Quantcast Figure 2-7.Cutoff in a conventional tube

Share on Google+Share on FacebookShare on LinkedInShare on TwitterShare on DiggShare on Stumble Upon
Custom Search
 
  
 
2-7 Figure 2-7.—Cutoff in a conventional tube. In view B, a bias voltage of -6 volts is applied to the grid. As you can see, some of the electrostatic lines of force are attracted to the negatively charged grid wires while the rest pass through the grid spacings. Because there are fewer lines of force reaching the cathode, there are fewer paths for electrons to use to reach the plate. As a result, conduction through the tube is decreased. In view C, the negative potential of the grid has been raised to -20 volts, which drives the tube into cutoff. All of the electrostatic lines of force terminate at the negatively charged grid, instead of continuing on to the cathode. The electrons emitted by the cathode will not feel the electrostatic attractive force of the positively charged plate. Under these conditions, current cannot flow through the tube. Now look at figure 2-8. Here you see a diagram of a variable-mu, or remote-cutoff, tube. The only difference between the remote-cutoff tube depicted and the sharp-cutoff tube is in the grid wire spacing. In the conventional sharp-cutoff tube, the grid wires are evenly spaced, while in the remote-cutoff tube the grid wires in the middle of the grid are placed relatively far apart. This is shown in view A.


Electrical News
Friday Quiz: Name That 1994 Test Instrument
If you can remember back to 1994, then take a...
eetimes.com
It's a Bird. It's a Plane! It's a Drone!!
EE Times has gathered a panel of drone experts, including...
eetimes.com
Firework display as seen through the eyes of a drone
Have been thinking about purchasing a drone? If so, watching...
eetimes.com
FinFETs + FD-SOI Proposition: May Save Power
Ron Martino, vice president of application processors and advanced technology...
eetimes.com
Biodegradable Electronics Debut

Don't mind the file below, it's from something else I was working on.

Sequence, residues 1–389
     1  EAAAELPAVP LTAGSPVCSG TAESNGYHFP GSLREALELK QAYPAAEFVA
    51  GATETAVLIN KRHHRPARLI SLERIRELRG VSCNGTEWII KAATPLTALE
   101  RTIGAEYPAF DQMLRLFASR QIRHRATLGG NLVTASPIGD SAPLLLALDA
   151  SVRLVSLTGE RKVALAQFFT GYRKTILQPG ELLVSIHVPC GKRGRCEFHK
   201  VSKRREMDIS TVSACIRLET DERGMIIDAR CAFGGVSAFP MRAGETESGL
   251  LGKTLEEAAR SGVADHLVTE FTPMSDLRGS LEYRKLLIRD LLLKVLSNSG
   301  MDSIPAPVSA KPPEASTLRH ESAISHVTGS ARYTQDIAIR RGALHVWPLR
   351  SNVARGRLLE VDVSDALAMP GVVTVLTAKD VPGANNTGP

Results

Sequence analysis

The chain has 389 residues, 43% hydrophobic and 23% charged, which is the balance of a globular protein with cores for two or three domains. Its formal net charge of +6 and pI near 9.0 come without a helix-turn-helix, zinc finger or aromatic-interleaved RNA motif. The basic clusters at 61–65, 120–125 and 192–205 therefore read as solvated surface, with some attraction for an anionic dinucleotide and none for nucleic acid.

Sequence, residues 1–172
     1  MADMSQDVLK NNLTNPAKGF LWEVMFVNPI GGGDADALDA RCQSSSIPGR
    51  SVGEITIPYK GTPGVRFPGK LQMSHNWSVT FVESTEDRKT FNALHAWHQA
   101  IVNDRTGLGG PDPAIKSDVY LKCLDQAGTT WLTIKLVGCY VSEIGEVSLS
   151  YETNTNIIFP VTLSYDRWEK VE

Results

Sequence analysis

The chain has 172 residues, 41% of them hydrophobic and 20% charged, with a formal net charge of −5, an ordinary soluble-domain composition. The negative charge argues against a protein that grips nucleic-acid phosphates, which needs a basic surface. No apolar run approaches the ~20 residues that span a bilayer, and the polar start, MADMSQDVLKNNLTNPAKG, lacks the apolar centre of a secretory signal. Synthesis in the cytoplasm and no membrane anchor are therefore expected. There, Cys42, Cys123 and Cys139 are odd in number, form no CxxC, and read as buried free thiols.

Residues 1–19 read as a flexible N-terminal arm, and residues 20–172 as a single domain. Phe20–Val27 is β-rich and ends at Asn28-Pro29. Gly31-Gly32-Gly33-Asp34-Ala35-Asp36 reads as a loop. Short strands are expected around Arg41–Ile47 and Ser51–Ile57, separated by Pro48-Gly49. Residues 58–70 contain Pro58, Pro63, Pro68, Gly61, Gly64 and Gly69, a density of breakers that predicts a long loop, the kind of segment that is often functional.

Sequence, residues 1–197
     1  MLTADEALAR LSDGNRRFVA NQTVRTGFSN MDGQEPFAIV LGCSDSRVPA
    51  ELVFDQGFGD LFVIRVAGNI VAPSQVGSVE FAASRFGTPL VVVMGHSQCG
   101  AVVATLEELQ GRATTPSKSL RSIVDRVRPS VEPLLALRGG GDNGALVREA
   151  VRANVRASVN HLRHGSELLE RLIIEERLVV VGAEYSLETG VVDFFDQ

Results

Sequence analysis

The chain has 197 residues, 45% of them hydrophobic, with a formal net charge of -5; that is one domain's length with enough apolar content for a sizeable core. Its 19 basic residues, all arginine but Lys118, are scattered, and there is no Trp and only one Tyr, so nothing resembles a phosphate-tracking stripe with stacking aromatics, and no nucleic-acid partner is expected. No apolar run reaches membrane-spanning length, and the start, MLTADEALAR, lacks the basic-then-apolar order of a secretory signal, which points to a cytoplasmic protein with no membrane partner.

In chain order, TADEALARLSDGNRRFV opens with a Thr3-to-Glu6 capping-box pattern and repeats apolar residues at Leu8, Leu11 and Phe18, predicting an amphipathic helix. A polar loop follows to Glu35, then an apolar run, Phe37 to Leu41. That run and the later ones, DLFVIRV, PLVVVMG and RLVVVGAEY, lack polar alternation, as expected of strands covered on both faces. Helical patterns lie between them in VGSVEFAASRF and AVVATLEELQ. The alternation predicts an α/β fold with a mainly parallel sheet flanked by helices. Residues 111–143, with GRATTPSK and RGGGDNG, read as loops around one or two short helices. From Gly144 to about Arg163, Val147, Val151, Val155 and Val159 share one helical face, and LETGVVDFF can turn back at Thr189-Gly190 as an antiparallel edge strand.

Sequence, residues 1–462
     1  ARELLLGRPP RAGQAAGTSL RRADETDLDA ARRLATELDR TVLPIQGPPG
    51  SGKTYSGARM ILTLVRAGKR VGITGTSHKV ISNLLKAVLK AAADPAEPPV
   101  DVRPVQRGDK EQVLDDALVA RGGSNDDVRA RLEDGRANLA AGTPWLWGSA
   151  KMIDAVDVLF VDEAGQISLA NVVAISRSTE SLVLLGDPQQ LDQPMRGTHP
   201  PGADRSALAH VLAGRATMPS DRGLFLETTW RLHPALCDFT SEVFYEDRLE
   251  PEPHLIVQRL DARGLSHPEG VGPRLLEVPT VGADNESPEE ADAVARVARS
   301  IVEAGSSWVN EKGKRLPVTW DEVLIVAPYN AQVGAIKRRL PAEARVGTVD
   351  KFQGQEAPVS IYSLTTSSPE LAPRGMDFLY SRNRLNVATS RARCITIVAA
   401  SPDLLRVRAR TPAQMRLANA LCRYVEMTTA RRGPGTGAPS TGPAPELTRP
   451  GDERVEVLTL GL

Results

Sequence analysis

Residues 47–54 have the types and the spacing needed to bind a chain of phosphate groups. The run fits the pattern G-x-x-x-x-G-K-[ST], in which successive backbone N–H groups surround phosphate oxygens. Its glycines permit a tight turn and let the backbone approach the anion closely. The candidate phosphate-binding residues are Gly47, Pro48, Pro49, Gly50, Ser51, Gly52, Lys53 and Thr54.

Single crystal silicon transistors operating in the same microwave frequency...
eetimes.com
DesignCon 2016 Abstract Deadline Extended
You now have until Wednesday, July 8 so get your...
eetimes.com
IBM Makes Lake George World's Smartest Lake
Over 60 researchers, including ones from IBM and Rensselaer Polytechnic,...
eetimes.com
Developing Safety Certified Code for Industrial Systems
The right design framework and RTOS can help simplify and...
eetimes.com
Intel President, Execs Step Down
Intel President Renee James is among several top executives who...
eetimes.com
High-Speed Converters Aid Record Terabit Field Trial
Ultra high-speed digital-to-analog and analog-to-digital converters from Socionext Inc. (Yokohama,...
eetimes.com
Speech Recognizer / Synthesizer Shield for Arduino & Other MCUs
A Kickstarter project the just launched promises a rather interesting...
eetimes.com
Want a Free GPAK4 Mixed-Signal FPGA Development Kit From Silego?
25 GPAK4 mixed-signal FPGA development kits will be given by...
eetimes.com
IMB-GlobalFoundaries Deal Finalized
Following final approval by U.S. regulators, IBM closed the sale...
eetimes.com
20% Discount for ESC Silicon Valley 2015 Using Secret Code
Max's top-secret-squirrel code for the forthcoming ESC Silicon Valley 2015...
eetimes.com
UWAS: Playing Hide and Seek with Drones
The Paris Air Show (June 15-21) was rich in drone...
eetimes.com
AWS Building Massive Data Center In India
AWS is planning to build a massive data center in...
eetimes.com
Nanogenerator Harvests Energy From Rolling Tires
Researchers at the University of Wisconsin-Madison (Madison, WI) have developed...
eetimes.com
ZF Sets Course to Driver Assistance
Having just completed the takeover of TRW Automotive, mechatronics giant...
eetimes.com
EEVblog #761 – Pebble Time Smartwatch Teardown
What’s inside the new Pebble Time Smartwatch? Dave does a...
eevblog.com
EEVblog #760 – Pebble Time Smartwatch Torture Test!
Dave takes the new Pebble Time Smartwatch through the 2015...
eevblog.com
 


Privacy Statement - Copyright Information. - Contact Us

comments powered by Disqus

Integrated Publishing, Inc.
9438 US Hwy 19N #311 Port Richey, FL 34668

Phone For Parts Inquiries: (727) 755-3260
Google +